Thursday, May 31, 2007

In the aftermath of last night's drive-by shouting by New York Yankee third baseman Alex Rodriguez, opinions seem to be wildly mixed on the legality and morality of the play.

In case you missed it, the Yankees led the Blue Jays 7-5 with two outs in the top of the ninth inning. With runners at first and second, Jorge Posada skied one to the right of third base. Howie Clark, appearing in his first major-league game of the season, camped under it, and then quickly ducked away as Rodriguez passed behind him.

An absolutely livid John McDonald, the Blue Jays shortstop, immediately began yelling at Rodriguez -- who stood at third smirking and, according to at least one report, pushed away third-base umpire Chad Fairchild when he appeared to disagree with the play -- and most of the Toronto bench came onto the top steps of the dugout or the field. Manager John Gibbons came out to ask for a ruling and argue with the crew chief but got nowhere.

But why didn't he? Rule 7.08 from the Official Rules of Major League Baseball states:

Any runner is out when --
(b) He intentionally interferes with a thrown ball; or hinders a fielder attempting to make a play on a batted ball

That's not particularly ambiguous to me. ARod is running from second to third and yells something at Clark as he passes behind him. After viewing the play repeatedly, I'm almost certain it was "Mine!", but that's not material here. Rodriguez attempted to hinder the fielder, he succeeded and he should have been called out.

There's no question as to the sportsmanship of the play. As a former high school player and coach, I know most leagues up through American League have rules forbidding yelling or clapping on the basepaths. Young players are quickly discouraged from attempting to distract the fielder, as it's a good way for the fielder to end up getting beaned with the ball.

How often does it happen in pro ball? Well, you could ask Clark:

"I was expecting McDonald to make the catch," the third baseman said. "I have been playing professional baseball for 16 years and never saw that."

Or you could ask consummate professional Matt Stairs. The journeyman was a bit less tactful, calling it "a horseshit play" and saying if Rodriguez's teammates gave no comment, that was their way of saying they didn't appreciate it either.

Yankee shortstop Derek Jeter, incidentally, didn't want to comment.

Some of the fault lies with McDonald, who as the shortstop should have called immediately for the ball. But there has also been blame assign to Clark for not sticking with the pop-up, and that's way off base.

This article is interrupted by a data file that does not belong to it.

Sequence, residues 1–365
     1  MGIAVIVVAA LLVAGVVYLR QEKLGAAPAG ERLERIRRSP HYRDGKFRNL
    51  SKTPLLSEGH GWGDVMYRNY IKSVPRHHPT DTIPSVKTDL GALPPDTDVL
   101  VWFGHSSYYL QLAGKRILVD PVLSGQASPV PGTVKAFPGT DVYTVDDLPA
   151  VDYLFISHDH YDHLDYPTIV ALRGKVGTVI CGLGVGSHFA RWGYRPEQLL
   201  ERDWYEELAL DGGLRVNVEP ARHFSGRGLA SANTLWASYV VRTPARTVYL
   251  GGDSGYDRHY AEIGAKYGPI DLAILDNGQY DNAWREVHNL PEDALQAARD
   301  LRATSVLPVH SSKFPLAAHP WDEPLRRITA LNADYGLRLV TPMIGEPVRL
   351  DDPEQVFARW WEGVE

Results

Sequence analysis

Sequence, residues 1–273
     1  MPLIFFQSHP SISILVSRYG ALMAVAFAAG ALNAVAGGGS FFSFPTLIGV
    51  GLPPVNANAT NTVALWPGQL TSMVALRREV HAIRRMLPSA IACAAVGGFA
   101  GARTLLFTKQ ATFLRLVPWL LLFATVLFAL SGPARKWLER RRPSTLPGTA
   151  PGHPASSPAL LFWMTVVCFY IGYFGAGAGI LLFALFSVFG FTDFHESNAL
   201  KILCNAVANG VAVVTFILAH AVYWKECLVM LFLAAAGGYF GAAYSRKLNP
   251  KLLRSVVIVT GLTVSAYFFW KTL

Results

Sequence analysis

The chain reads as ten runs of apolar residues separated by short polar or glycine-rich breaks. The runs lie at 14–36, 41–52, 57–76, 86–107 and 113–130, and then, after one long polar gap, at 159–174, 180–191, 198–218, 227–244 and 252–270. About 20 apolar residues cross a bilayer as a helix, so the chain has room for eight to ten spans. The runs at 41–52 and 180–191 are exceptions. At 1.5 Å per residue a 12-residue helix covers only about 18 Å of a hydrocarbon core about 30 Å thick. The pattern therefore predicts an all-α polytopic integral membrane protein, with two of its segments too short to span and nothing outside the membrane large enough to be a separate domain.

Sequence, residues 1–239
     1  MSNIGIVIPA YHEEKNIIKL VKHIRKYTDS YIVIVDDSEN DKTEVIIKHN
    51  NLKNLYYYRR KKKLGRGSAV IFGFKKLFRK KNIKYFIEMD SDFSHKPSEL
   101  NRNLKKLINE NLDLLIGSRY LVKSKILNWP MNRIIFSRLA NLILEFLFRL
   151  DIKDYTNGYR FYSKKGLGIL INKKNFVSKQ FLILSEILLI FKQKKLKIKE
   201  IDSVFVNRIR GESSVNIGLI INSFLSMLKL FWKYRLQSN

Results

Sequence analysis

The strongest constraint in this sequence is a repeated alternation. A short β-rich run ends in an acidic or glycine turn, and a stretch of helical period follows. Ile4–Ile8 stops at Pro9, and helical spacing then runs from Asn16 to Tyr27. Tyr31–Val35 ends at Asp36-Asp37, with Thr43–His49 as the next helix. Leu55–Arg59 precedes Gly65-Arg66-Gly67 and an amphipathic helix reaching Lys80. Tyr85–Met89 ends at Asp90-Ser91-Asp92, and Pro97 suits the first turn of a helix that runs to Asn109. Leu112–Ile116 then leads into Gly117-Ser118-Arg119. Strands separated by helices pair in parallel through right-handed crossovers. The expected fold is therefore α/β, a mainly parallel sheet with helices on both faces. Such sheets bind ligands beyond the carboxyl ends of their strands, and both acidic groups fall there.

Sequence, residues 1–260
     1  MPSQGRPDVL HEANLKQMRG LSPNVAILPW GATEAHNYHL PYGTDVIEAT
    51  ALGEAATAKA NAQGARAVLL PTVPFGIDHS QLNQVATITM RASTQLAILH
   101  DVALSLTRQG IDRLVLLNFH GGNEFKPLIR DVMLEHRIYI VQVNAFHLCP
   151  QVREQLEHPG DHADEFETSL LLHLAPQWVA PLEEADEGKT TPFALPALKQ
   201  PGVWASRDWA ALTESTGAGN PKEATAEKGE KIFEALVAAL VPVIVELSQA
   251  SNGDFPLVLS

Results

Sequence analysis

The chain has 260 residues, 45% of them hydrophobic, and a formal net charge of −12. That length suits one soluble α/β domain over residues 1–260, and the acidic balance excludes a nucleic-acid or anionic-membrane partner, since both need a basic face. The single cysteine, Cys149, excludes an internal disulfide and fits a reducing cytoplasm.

Assume, as Clark did, that the person loudly yelling "Mine!" in your ear is McDonald. If you don't clear the way and you collide with McDonald, it's your fault for not yielding to the shortstop on a ball that could easily have been his.

Finally, Rodriguez said similar things happened to him "three or four times a week." That would seem unlikely. As Clark said, it's not something he'd ever experienced. Blue Jays slugger Troy Glaus said it had never happened to him in 30 years of baseball.

It's more likely Rodriguez either was read the riot act or given the cold shoulder in the Yankee locker room after the game -- not that he isn't use to that -- and felt compelled to concoct something to make himself look better.

The most unfortunate victim of the whole situation was pitcher Brian Wolfe. Making his major-league debut, he ended up being charged with two hits and a run when he induced a pop-up from Posada that should have ended the threat.

It was also unfortunate for Gibbons, who may have told a more experienced pitcher to buzz the tower of the next hitter as a way of expressing the displeasure of the Jays. But then, it's tough to justify beaning Giambi in retaliation when ARod's teammates seem to dislike him as much as the Jays do right now.

No, Toronto will have to wait to extract its measure of revenge until the next meeting between the two teams on July 16.

Well, that or just hang out outside strip clubs and watch for Rodriguez leaving with women other than his wife.

Wednesday, May 30, 2007

A few thoughts from around the world of sports today:

* Kobe Bryant is apparently demanding a trade out of Los Angeles. Most of the discussion is centering on how the Lakers could possibly get fair value for Bryant. I suspect they'll move Kobe for a lesser player and a pick, but there's good news -- at least this time he let the other party involved know before he stuck it up their ass.

* Mike Milbury has stepped down as general manager of the New York Islanders, which has shocked many hockey insiders who had no idea Milbury still had a job.